The mass graves of civilians murdered and mutilated in Bucha, Ukraine, are stark evidence of the horrors of war — and of war crimes. Putin’s invasion of Ukraine — itself a violation of international law — raises a profound challenge to the world. How can a dictator armed with nuclear weapons be held accountable for the crimes of war?
Ukraine is not a member of NATO. NATO nations have no commitment to its defense. Despite this, President Joe Biden has rallied NATO allies to impose unprecedented economic sanctions on Russia, to help supply Ukrainians with armaments and with humanitarian aid, and to shelter the millions of Ukrainians dislodged from their homes by the war. These measures are not without cost and risk. Russia supplies a large portion of Europe’s oil and natural gas, and Russia and Ukraine a large portion of the world’s wheat supply. As the sanctions have attached, the cost of food and fuel has soared across the world.
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As the destruction wrought by war grows and the stirring Ukrainian resistance and horrible human suffering touch anyone with a heart, the pressure to escalate grows. From the start, Biden and NATO allies ruled out direct military intervention of U.S. or NATO forces. Enforcing a no-fly zone over Ukraine, which would put U.S. planes in direct conflict with Russian planes, has been ruled out also. Supplying Ukraine with jets from Poland and elsewhere was also rejected.
Some argue that Putin will take advantage of this caution to crush Ukraine. Yet, to date, Ukrainian resistance has frustrated the Russian military. Now it appears that the Russians are withdrawing from around the Ukrainian capital and focusing their forces in the east — the Dombas region that is largely Russian-speaking and historically more sympathetic to the Russians. As the war grinds on, the terrible toll in lives and destruction continues to rise in Ukraine.
Some would argue that it is immoral for the U.S. and NATO to stand by as Russian military forces savage Ukraine. The moral calculation for U.S. policy, however, is clear. Direct intervention in the war would risk a nuclear conflagration. That would cause far more death and destruction across the world — and in Ukraine — than the current horrors. The problem with exchanging an eye for an eye is that we all end up blind.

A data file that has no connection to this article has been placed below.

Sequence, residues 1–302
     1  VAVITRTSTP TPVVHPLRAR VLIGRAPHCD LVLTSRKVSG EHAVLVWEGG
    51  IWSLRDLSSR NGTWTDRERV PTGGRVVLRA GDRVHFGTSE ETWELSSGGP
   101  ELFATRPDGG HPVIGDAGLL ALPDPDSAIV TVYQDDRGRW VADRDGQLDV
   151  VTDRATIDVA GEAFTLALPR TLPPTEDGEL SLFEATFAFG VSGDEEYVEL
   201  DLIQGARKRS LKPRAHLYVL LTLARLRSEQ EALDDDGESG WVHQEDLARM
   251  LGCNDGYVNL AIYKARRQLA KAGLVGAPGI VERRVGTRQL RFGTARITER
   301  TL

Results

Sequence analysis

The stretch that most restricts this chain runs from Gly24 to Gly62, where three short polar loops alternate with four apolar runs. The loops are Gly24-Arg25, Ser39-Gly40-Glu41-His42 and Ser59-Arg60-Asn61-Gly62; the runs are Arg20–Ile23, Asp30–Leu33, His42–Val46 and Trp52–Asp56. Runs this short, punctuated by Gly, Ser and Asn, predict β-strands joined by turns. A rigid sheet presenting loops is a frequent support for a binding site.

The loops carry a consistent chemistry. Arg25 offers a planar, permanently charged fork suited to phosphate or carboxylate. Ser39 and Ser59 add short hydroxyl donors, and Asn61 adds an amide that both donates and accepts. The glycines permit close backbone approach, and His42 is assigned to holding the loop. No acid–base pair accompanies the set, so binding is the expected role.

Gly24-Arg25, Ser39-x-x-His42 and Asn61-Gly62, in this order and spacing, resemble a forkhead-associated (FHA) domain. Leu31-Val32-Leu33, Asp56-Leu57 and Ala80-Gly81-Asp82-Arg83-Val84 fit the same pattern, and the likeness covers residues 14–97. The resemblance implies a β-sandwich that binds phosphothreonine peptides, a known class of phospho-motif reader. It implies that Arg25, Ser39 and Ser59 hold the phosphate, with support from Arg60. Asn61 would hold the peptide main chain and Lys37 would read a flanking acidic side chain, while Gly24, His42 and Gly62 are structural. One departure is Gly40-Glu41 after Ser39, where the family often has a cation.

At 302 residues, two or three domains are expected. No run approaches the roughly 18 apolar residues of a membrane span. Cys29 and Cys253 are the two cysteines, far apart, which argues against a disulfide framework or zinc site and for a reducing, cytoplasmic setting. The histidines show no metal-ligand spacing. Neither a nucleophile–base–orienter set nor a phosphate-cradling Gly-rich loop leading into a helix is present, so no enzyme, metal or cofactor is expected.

How then can Putin be held accountable for his illegal aggression and for the war crimes committed by Russian forces? Continued aid and support for the Ukrainians is vital. The higher the price the Russian military pays in Ukraine, the less likely Putin will be emboldened to repeat his aggression.
Sanctions are an imperfect response since the Russian people who pay the price are not those who made the decisions. So long as Russian forces wage war on Ukraine, however, the sanctions should continue — and continue to be tightened. The U.S. and Europe should join in efforts to ensure that the poor at home and across the world are shielded to the extent possible from the economic fallout.
International law must be reasserted. International tribunals — in the International Criminal Court, at the United Nations General Assembly — and independent public tribunals should indict Putin’s aggression and detail the war crimes. Then the tribunals, or the allied nations, can target individual sanctions on those responsible, making them pariahs across the world. Those nations — from China to India to many countries across the world — who have remained “neutral” should be challenged to reassert their commitment to non-intervention and to the laws of war.
Hopefully, Ukrainian resistance will force a negotiated settlement. Inevitably, any compromise agreement will appear to reward Putin for his aggression. The world community must ensure that whatever the agreement, the crimes are exposed, and the commitment to non-intervention and international law is re-asserted. Putin’s nuclear arsenal may shield Russia from attack, but it cannot shield him and his associates from accountability.
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